Platform Business Basics
Along with the rise in popularity of the internet over the past 20 years, a number of companies have emerged whose strategy is fundamentally different than most other companies’. Some of their most well-known representatives are Google, Facebook and Uber. Their main distinguishing characteristic can be found in their business model: The platform model.
Most traditional companies implement the pipeline model. Value is created by enhancing tangible or intangible resources across a supply chain, the end product of which is then sold to consumers.
Focus on Interactions, not Products
Platform businesses, on the other hand, create value by facilitating value exchanges. The values are not, however, created by the platform but the producers on the platform. Thus, the platform’s focus is not on selling products but on enabling interactions between its producers and consumers. Uber, for instance, does not offer cab rides itself, but instead, connects independent drivers (producers) with its customers (consumers).
Since a platform on its own usually does not offer any value, this model only works if the platform can be attractive for consumers as well as producers. Hence, the platform operator has to compete for two separate types of customers that are both equally vital to building the platform’s value. This kind of multi-sided business is illustrated in the following diagram:
Consumers and Producers
In the context of platforms, the roles of consumers and producers are not always clear-cut. Even though these roles are relatively clearly defined on a platform such as Amazon Marketplace in respect to the core interaction, buying and selling, customers can take on the role of producers by submitting reviews and thereby enhance product listings.
Depending on the platform and type of interaction, Users can also take on both roles at the same time. On social networks, such as Facebook, the line between consumers and producers quickly gets blurred since most users produce and consume content of one kind or another.
The Network Effect
Since a platform’s main value lies in its ability to enable interactions, greater numbers of consumers and producers directly affect the platform’s value as a whole because they make interactions more likely to occur. A large number of consumers lures in new producers, looking to grow their audience. These additional producers again attract more consumers by creating additional value.
This network effect is one of the fundamental pillars platforms are built on. Once a certain critical mass of users has been reached, interactions become possible on a regular basis. This serves as a base value to consumers and producers, which keeps increasing with every new user to the platform. Once this point is reached, platforms usually grow exponentially.
Again, Uber serves well to illustrate this example. The more consumers Uber has, the more attractive it is for new drivers to join the network because of the increased earning potential. The additional drivers, in turn, make the platform more valuable to consumers because wait times are reduced by the increased density of drivers.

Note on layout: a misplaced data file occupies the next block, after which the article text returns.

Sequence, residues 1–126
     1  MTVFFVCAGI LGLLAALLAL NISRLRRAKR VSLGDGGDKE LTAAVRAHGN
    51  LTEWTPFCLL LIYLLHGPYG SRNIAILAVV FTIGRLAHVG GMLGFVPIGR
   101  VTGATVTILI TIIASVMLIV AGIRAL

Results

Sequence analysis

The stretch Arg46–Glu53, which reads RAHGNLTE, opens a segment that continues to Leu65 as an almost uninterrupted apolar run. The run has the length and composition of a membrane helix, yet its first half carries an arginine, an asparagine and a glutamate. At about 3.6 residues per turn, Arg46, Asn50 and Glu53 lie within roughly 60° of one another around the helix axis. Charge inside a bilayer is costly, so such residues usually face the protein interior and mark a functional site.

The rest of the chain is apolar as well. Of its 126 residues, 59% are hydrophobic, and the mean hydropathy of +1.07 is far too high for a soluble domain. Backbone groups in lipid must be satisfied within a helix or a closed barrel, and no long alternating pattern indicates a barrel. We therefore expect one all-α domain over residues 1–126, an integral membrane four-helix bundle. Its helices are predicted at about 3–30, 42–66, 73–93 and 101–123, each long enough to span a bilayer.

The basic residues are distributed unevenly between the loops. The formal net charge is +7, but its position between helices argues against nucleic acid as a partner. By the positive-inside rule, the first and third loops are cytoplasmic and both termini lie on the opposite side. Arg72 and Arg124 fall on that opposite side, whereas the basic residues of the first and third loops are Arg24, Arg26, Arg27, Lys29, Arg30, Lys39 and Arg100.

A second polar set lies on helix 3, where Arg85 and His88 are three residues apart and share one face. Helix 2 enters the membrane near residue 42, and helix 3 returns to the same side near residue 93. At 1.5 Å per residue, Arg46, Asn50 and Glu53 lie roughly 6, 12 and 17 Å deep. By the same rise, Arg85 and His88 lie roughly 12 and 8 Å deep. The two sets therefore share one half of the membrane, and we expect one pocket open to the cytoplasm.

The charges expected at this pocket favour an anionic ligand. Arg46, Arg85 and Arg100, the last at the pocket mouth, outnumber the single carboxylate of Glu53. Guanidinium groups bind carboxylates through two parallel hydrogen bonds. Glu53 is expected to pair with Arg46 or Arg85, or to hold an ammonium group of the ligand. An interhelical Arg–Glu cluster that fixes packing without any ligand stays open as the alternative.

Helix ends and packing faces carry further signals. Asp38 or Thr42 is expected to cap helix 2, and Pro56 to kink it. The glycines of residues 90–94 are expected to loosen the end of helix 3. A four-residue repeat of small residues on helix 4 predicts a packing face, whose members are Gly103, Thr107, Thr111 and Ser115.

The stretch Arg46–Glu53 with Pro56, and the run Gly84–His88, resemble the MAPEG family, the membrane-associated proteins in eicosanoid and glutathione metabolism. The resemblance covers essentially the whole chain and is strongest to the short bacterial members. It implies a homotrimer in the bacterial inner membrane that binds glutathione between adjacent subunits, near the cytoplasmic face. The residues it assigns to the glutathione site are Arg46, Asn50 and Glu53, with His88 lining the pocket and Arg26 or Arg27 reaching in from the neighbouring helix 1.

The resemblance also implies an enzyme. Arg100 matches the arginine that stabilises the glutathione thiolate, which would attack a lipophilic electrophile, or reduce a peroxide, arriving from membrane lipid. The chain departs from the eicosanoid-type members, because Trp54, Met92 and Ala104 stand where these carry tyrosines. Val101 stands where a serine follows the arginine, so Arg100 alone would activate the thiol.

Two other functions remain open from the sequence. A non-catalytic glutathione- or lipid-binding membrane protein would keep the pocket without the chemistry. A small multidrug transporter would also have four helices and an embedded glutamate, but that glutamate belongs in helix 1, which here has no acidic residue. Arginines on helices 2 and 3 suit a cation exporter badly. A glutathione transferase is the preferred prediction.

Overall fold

The network effect in and of itself is not a new concept. Malls and markets have used it for generations by assembling businesses in one place to draw in more customers. So, what else contributes to this recent spike in new platform businesses?
The answer is technological progress; the second pillar of platform businesses. Miniaturization has led to lower hardware prices and smaller sizes, while at the same time boosting performance. The widespread availability of cloud services reduces market entry barriers and enables startups to compete with corporate IT infrastructures at a fraction of the cost.
These low costs, coupled with the lack of a physical product, reduce marginal cost to close to zero and allow platforms to scale at unprecedented speeds. This has allowed companies such as Google, Facebook and Uber to expand internationally quickly and to secure significant market shares for themselves.
The third pillar platforms build upon is their uncompromising focus on customer value. This can be observed in several ways.
Instead of tethering customers (consumers as well as producers) through long running contracts, most platforms continuously improve their product and customer experience to suit the customers’ needs in order to retain them voluntarily. In a day and age that makes it as easy as never before to compare competing products, this leaves customers more open to being convinced by the value of the product and helps the platform grow.
Additionally, successful platforms constantly try to reduce transaction costs for their customers. On the financial side, these costs are reduced through a lean organization, automation and flexible contracts. Additionally, customer data is collected and analyzed in order to enhance the customer experience and meet the high expectations of customers in the digital age.
After uncovering the fundamentals of the platform business model, let us take a closer look at the different types of platforms as well as some prominent examples in the second part of this series.